The diverse characteristics of lipases produced by microorganisms appear to have evolved to guarantee the fast and efficient access of the microorganism to different sources of organic matter (Roveda et al., 2010). Therefore, this group of enzymes is very attractive for industrial applications and recycling processes of lipid-rich compounds (Bornscheuer, 2002).

Despite the knowledge on lipid metabolism in many species of Streptomyces, studies on lipolytic activity in this group are still incipient. Mohamed et al. (2015), evaluating the lipase activity of streptomycetes from soil samples of Taif (Saudi Arabia), detected lipolytic activity in 91.3% of the isolates. Regarding the EI, Karanja et al. (2010) observed values varying between 3.0 and 4.2 for the lipolytic activity of Streptomyces isolated from soils in Kenya.

In the present study, the highest EI value for lipase was only 2.60, which was lower than the lowest EI value measured by Karanja et al. (2010). These results may be due to the close relationship between the abundance of lipid compounds in the environment and the specific characteristics of the enzymes produced by each microorganism (Gomes et al., 2007). Nowadays, the use of immobilized lipase or whole cell catalysts is one of the most promising methods to produce renewable and environmentally friendly alternative biofuels compared to the non-renewable fossil combustible (Yan et al., 2014).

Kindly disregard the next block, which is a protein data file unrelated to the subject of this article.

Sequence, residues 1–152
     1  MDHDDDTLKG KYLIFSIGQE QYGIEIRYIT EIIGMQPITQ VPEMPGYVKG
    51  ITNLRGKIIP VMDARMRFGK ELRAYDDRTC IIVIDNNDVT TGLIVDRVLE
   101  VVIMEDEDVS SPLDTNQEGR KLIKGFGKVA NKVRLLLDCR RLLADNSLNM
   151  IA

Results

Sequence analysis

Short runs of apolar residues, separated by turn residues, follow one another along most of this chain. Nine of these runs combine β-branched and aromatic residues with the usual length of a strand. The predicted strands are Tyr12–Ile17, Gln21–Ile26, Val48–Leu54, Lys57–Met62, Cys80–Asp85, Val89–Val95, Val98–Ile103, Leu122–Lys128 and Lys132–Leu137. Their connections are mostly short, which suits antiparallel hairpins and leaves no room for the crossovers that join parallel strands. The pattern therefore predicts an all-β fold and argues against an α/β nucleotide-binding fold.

Molecular characterization

The molecular data analysis based on the partial sequencing of the 16S rRNA gene enabled the identification of a total of 49 species, being 38 represented by only one isolate and 11 molecular species with more than one strain. Four of the twelve reisolates identified by the morphological traits were confirmed by the molecular analysis.